D. Growth

    It seems likely that studies of growth during exposure to salinity cycles in sessile invertebrates such as bivalves and barnacles would be fruitful since the extremes of distribution of such organisms in estuaries are probably determined not simply by salinity tolerance. Growth rates may be equally important and will be determined by the proportion of time that the animals are able to collect food and exchange gases or metabolites. At the time of writing no published information is available although such studies are in progress on Mytilus (Gruffydd, personal communication) with the aid of the laser diffraction growth measurement technique of Stromgren ( 1975) which allows daily growth measurements to be performed on young mussels.


    E. Feeding

    Again little information is available at present although the papers of Davenport and Vahl (1979) and of Vahl and Davenport (1979) explore the impact of salinity fluctuations upon the feeding strategy of the intertidal teleost Blennius pholis L.; this work will be discussed in more detail in a later section. Also Bettison (in preparation) has shown that filtration rates in bivalves such as Mytilus and Crassostrea gigas Thunberg are enhanced after periods of shell valve closure at low salinity in simulated estuarine salinity cycles. Matthiessen (1960) had previously shown that feeding rate decreased with decreasing salinity in the bivalve M y a arenaria L. Obviously changing external and internal ionic composition in animals, particularly osmoconformers, exposed to fluctuating salinities are likely to affect physiological processes such as nerve conduction, ciliary activity and circulatory efficiency, which will themselves in turn influence feeding.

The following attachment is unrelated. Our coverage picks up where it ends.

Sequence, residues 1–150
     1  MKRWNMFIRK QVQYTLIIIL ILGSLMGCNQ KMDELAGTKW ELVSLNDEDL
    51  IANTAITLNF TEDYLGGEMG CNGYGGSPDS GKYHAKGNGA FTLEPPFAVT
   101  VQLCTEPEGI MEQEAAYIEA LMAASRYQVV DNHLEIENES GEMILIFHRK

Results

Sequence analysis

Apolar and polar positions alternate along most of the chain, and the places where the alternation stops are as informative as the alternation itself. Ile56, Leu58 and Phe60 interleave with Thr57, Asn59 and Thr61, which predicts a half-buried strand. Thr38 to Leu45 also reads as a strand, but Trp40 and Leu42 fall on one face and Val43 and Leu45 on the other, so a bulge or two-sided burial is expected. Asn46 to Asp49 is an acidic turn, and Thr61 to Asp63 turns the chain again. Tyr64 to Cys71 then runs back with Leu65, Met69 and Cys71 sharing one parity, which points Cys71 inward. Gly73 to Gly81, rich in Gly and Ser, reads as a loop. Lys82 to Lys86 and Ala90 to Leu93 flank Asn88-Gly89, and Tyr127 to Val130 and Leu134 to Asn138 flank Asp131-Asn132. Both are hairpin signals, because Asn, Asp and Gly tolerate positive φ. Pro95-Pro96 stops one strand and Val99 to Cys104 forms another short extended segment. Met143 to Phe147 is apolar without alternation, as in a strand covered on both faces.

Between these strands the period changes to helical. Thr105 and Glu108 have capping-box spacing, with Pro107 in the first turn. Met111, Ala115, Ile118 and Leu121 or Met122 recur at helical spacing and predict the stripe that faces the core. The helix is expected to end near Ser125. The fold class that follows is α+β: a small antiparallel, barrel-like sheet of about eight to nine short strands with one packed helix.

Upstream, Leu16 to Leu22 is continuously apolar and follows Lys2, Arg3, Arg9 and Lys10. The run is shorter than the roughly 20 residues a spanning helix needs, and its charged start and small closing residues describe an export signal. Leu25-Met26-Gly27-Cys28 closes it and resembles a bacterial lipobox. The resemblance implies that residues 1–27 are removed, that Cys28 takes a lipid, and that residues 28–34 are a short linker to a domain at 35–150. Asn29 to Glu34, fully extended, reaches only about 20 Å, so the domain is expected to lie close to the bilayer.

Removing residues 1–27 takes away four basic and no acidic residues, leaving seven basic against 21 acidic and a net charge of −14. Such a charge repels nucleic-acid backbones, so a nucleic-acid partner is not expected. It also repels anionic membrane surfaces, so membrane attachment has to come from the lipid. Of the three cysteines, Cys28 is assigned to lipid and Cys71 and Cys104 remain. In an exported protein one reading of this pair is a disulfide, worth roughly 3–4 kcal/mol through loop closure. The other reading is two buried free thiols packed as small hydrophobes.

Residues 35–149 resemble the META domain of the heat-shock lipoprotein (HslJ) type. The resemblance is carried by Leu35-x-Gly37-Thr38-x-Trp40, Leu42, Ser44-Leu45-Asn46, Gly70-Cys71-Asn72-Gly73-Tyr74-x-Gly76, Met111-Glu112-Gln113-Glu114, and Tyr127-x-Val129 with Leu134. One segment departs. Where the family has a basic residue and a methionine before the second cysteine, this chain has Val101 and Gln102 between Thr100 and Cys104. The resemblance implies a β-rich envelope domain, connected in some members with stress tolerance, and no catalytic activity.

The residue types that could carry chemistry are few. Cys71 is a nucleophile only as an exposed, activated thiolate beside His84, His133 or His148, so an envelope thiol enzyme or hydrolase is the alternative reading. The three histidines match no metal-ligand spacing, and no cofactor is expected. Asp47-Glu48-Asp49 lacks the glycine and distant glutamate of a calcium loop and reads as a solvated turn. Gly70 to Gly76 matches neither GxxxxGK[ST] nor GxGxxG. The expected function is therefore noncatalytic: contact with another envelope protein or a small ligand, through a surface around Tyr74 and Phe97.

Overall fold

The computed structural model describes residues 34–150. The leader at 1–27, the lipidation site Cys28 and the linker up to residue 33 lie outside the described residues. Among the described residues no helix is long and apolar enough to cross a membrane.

F, Osmoticlionic responses

    1, Extracellular jluid composition

    Kinne (1964b) suggested that investigations into the effects of salinity as an ecological factor should include studies of the consequences of fluctuating patterns of salinity. Six years later Tucker (1970a) carried out the first laboratory study of tidal salinity fluctuation on the prosobranch gastropod Scutus breviculus. This species is normally marine but penetrates the Heathcote- Avon estuary in New Zealand to a limited extent. Tuckers preliminary field salinity measurements showed that the environmental salinity of S. breviculus fluctuates only between 34 and 29%, and values below 34% persisted only for about 1 h during each tidal cycle. Her laboratory simulations reflected these conditions and consisted of a sequence of 1 h at 34%,, 30 min falling to 29%,, 30 min at 29%,, 30 min rising to 34%,, followed by 2 h at 34%, (see Fig. 38). Tucker was interested in the osmotic and ionic responses of the gastropod. First she showed that S. breviculus was an osmoconformer, becoming isosmotic over the salinity range of 25.5-34%, in about 8 h. Using her estuarine simulation she showed that the haemolymph concentration changes were damped by comparison with those of the external medium (see Fig. 38). Thus, whereas the salinity of the external

  • 210

    e 2 -



    1 : :---;Sea water concentration

    - I l l 1 1 1 I I I I I